Saturday, May 3, 2014
When I was first introduced to the idea of cardboard construction I was hesitant because it seemed to be an impossible storage task. But with a bunch of boxes, each with a class name on it, I was able to keep each class's creations separate and organized, even in my very small room.
I set out pieces of cardboard that I had cut in a variety of sized, tape, glue, toilet paper rolls, and other things, and told the kids to build. I offered a few helpful suggestions here and there but didn't give a lot of instructions on what to make (or even how). I find that too much information leads to carbon copies of my ideas so I focus on technique and only what's necessary to get started. I keep my eye on the works in progress and offer help when I see it's needed.
I'm amazed at the results.
Cardboard Construction Projects
Well, I have some pictures of some of the things the kids have been doing and I'm in the sharing mood. So here goes.
My art room is set up with 6 different stations. In one of those stations I rotate different activities on a regular basis. Currently station 4 is a "Bean Art) station. I'm surprised at how popular this was with the kids. Someone gave me a whole lot of different colored beans and so I put them in a tub along with some glue and gave the kids a few examples. Here are a few of the results:
Monday, July 1, 2013
I found this similar idea in a google search just now. Interesting how different people can come up with identical ideas. The exact inspiration for me likely came from several sources.
The directions are simple. Draw a variety of shapes using the technique of overlapping. I distinguish between three types of shapes: Geometric; Organic (that found in nature); and Free-form. Some students needed to be "encouraged" to add more shapes to their pictures to balance them out. When the drawing (done in pencil) is done, it can be outlined in a black marker. If you're brave, have students just draw in a permanent black marker as it saves a step.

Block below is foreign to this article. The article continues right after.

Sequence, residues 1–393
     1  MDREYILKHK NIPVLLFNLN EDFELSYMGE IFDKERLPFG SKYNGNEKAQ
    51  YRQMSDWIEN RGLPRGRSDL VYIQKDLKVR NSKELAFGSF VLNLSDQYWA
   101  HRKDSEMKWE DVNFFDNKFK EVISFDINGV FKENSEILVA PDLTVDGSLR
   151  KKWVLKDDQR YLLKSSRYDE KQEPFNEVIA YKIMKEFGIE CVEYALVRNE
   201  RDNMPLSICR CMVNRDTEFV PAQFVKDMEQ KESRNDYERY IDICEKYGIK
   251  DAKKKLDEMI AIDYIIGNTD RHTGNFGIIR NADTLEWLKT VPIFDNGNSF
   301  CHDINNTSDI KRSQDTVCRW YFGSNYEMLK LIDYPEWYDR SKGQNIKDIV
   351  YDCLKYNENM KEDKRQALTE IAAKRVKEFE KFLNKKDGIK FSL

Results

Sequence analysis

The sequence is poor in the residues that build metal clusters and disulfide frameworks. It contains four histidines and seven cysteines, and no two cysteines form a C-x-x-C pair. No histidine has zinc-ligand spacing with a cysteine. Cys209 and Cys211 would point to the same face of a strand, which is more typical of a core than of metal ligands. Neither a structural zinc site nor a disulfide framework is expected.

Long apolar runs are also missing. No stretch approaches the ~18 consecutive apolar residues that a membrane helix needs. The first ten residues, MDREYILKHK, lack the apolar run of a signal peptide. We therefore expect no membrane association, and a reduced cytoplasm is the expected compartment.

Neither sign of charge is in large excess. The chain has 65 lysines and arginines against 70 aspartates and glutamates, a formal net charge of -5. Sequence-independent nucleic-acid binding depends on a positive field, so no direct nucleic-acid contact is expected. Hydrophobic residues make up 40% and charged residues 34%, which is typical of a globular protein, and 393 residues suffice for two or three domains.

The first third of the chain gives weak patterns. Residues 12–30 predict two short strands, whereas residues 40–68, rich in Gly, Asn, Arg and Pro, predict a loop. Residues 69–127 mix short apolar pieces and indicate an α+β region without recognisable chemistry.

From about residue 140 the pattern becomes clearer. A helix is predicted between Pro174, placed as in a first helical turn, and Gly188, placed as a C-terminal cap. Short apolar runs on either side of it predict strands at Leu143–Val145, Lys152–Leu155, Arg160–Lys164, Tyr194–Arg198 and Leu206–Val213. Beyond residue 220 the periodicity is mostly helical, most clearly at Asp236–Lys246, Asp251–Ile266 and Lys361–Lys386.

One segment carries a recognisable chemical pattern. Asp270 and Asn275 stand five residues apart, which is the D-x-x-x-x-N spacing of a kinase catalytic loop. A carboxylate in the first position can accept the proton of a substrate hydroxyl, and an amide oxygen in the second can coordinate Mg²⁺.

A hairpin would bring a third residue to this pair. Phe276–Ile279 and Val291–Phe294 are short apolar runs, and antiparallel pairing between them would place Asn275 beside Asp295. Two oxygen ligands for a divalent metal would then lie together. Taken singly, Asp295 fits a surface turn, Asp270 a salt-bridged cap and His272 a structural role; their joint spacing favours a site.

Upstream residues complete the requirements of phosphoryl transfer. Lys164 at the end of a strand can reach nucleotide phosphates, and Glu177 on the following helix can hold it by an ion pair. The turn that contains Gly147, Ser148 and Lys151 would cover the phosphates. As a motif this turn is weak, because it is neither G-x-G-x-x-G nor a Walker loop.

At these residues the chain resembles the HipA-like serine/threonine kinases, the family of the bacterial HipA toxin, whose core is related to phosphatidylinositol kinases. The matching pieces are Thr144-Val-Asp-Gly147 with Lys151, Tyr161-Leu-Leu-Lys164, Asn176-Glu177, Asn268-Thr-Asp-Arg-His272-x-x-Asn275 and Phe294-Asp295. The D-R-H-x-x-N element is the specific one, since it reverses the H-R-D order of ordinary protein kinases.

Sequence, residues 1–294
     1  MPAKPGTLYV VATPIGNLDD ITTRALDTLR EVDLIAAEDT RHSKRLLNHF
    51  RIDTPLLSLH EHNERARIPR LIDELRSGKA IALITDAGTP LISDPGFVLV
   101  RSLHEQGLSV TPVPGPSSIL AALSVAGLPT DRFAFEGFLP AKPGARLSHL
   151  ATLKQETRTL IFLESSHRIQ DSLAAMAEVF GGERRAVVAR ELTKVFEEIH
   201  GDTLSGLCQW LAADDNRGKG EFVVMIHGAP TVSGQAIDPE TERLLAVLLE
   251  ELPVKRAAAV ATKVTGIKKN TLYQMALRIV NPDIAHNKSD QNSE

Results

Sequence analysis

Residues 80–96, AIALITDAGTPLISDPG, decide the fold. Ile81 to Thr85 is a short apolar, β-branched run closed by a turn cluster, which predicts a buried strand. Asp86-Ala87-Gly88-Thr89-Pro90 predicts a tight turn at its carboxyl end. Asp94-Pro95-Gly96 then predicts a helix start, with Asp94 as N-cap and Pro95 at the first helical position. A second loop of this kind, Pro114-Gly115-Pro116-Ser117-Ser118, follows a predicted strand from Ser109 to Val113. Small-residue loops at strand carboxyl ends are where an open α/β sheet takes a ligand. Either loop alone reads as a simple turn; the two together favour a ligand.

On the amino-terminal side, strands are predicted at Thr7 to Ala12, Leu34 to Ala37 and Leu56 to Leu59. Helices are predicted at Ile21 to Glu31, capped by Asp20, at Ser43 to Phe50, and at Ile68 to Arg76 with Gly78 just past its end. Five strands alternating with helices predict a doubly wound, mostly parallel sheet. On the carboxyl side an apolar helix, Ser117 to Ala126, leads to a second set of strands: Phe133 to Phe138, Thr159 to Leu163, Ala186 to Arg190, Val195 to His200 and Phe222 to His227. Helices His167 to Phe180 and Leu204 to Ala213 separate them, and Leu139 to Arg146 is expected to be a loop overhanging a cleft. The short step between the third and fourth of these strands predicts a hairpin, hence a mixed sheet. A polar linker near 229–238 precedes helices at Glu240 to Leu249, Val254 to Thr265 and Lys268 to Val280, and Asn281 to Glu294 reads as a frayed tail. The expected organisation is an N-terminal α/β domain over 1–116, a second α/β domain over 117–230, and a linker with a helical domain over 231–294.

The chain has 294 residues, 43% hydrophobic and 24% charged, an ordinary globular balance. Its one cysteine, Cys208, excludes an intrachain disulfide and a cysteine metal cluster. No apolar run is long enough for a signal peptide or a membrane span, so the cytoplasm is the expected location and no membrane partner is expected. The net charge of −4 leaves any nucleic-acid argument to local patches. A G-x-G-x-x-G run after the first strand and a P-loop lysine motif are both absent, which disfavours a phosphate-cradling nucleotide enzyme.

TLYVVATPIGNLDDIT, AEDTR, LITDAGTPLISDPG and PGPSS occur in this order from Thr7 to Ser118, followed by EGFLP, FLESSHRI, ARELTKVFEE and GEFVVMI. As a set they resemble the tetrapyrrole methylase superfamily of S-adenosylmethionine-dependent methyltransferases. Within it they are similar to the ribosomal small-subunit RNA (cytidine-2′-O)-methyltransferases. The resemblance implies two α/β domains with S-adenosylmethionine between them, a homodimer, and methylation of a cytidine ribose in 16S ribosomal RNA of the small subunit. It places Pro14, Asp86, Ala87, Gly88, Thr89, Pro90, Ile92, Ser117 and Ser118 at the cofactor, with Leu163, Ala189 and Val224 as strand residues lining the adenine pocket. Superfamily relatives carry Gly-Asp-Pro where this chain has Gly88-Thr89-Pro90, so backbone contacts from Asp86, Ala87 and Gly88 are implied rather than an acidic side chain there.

For coloring we used markers and I teach my students to treat the marker like it's a paint brush. The tip of the marker is like the tip of a brush. You can make thick and thin lines depending on how you hold the marker.
All lines in a given area are to follow the same direction. That means that each section is treated like a canvas unto itself. Circle and oval shapes can have circular lines but straight line shapes must have straight marker lines (and they must all follow the same direction. Students may first outline the shape but then all subsequent lines must have the same direction. The outlining helps students to keep withing the boundaries of the shape. I have my students point their marker tips toward the black border line when outlining the shape.
I think the effect is rather nice. Look closely at the lines in each example. You'll see what I mean. If this doesn't make sense, please let me know. I'll try to clarify.
However, you will likely see where some students didn't exactly follow the "rules" above. You can decide for yourself if this matters. Let me know what you think. It's a great lesson for teaching color theory, balance, overlapping, and technique. Here's a gallery of work.
Sunday, June 30, 2013
Pointillism (1st-3rd grade)
|1st and 2nd grade project|
I'm not sure where the idea came from but here is a website with a similar picture and and explanation of the process.
I've posted two galleries on my website.
Tuesday, November 20, 2012
Monday, November 19, 2012
There are probably others ideas you’ve tried and I’m sure one can find ideas from a Google search but I really like the effect of using the markers like a paint. It’s a bit messy and takes some time to set up but I think it’s worth the time and effort. My kids love it too and that’s important to me as well.
Here I am removing the bottom of the marker. When I use the pliers my hand tires after a while but with a good heavy duty wire cutter the caps remove easily. BTW, if one wanted to he could simply remove this cap, add a little water and the marker would work again. You have to add just the right amount of water but it does work. I’ve not tried it that way much so I don’t know how long they last but I suppose one could just keep adding a little water until they are completely out of ink.
Once the bottom cap is removed I used a thin paintbrush end to remove the inner fiber cylinder that contains the ink.
Once it is dislodged from the tip, the fiber cylinder comes out easily.
Finally I place several of the fiber cylinder and the tips in a small amount of water and let them soak. They are ready to use in minutes. I add the paint lids (I have the spill-proof type) and I cover them at night. The only downside is that after a while, if the fiber cylinders are left in too long, the paints starts to smell. So after a few days I remove them. By that time most of the useful ink has been drained.
Now it just occurred to me that I don’t have an example picture so I will have to start looking. Please share your thoughts and ideas on the uses of dried out markers! Happy Thanksgiving!